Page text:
March 13, 2015

The Cellist

        According to our local string instrument shop, March is Cello Month.  Presumably they just want to sell us cello paraphernalia, and of course cellos really ought to be celebrated every day of every month, seeing as they’re the most beautiful instrument in the world.  But whatever.  I’ll go along with it.  So today I'll celebrate Cello Month by sharing a fun wood block print of Gauche the Cellist.  This is the illustration of a story by Kenji Miyazawa, and it’s apparently a famous and much-loved tale in Japan.  In the story Gauche, a mediocre cellist, is visited by a series of animals as he practices for an upcoming concert.  The animals teach him that music has healing powers, thus helping him in his performance at the concert.  My daughter T hasn’t been very enthusiastic about her practicing lately, and I’m quite sure talking animals would help her, too.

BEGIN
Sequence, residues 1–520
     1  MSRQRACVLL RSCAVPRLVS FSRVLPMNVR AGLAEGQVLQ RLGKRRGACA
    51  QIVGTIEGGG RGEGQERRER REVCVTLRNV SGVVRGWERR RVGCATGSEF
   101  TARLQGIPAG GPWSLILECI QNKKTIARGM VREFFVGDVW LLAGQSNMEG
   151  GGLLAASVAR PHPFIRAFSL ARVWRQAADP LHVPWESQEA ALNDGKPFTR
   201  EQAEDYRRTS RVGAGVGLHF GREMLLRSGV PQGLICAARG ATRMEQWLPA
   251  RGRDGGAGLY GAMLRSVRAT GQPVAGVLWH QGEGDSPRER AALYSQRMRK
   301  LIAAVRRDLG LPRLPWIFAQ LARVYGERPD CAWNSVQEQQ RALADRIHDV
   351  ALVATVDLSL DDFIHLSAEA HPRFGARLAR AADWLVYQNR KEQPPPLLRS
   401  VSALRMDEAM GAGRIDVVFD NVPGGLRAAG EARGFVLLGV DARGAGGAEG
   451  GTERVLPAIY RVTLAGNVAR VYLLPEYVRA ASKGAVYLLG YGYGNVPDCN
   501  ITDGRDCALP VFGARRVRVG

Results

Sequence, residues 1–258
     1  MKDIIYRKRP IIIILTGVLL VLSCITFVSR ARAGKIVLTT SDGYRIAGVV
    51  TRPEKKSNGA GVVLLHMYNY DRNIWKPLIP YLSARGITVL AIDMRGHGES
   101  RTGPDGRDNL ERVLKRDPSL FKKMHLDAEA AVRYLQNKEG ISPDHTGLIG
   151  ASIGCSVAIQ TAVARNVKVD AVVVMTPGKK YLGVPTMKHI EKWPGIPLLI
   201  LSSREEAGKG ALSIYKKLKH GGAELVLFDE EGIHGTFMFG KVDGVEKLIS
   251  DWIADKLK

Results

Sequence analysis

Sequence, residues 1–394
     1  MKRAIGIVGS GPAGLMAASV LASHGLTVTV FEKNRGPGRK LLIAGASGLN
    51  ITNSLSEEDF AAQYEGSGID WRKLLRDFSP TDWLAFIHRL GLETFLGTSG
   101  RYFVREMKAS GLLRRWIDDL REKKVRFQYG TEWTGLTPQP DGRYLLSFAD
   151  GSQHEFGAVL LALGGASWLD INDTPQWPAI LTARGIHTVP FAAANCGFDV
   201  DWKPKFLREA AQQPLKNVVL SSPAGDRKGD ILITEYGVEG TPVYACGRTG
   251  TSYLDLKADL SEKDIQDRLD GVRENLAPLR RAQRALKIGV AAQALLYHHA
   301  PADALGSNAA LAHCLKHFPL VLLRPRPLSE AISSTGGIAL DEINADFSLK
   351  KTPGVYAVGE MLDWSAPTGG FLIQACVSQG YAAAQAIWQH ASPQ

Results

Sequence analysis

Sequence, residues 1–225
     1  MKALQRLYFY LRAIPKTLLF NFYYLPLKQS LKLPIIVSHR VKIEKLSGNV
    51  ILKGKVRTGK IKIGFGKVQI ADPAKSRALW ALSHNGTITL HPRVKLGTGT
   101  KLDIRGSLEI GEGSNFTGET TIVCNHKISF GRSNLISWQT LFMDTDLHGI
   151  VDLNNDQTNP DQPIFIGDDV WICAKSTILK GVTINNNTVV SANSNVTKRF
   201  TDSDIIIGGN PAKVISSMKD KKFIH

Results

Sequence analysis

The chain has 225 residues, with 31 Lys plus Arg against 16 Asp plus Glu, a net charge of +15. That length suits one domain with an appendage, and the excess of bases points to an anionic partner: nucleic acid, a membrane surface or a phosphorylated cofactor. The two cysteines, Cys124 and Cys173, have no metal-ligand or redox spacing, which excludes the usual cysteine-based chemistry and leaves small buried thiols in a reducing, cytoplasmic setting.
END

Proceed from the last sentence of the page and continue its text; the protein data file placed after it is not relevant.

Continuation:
This wood block print was made by Kunio Iizuka (Japan, b. 1939) to commemorate the 100th anniversary of Miyazawa’s birth.  You can see three of the visiting animals, a cuckoo, a cat, and a mouse.  In this image it looks like Gauche is playing outside under the stars, which is fun.  I like the expression on his face: maybe a bit tired and discouraged, but gently stubborn.  If you’re going to keep practicing and getting better at an instrument, you need to have both stubbornness and love of the music, and it looks like the Gauche in this woodcut probably has both.

[Picture: Kenji Miyazawa’s Gauche the Cellist, woodblock print by Kunio Iizuka, 1996 (Image from Lighten Up Your Life.)]

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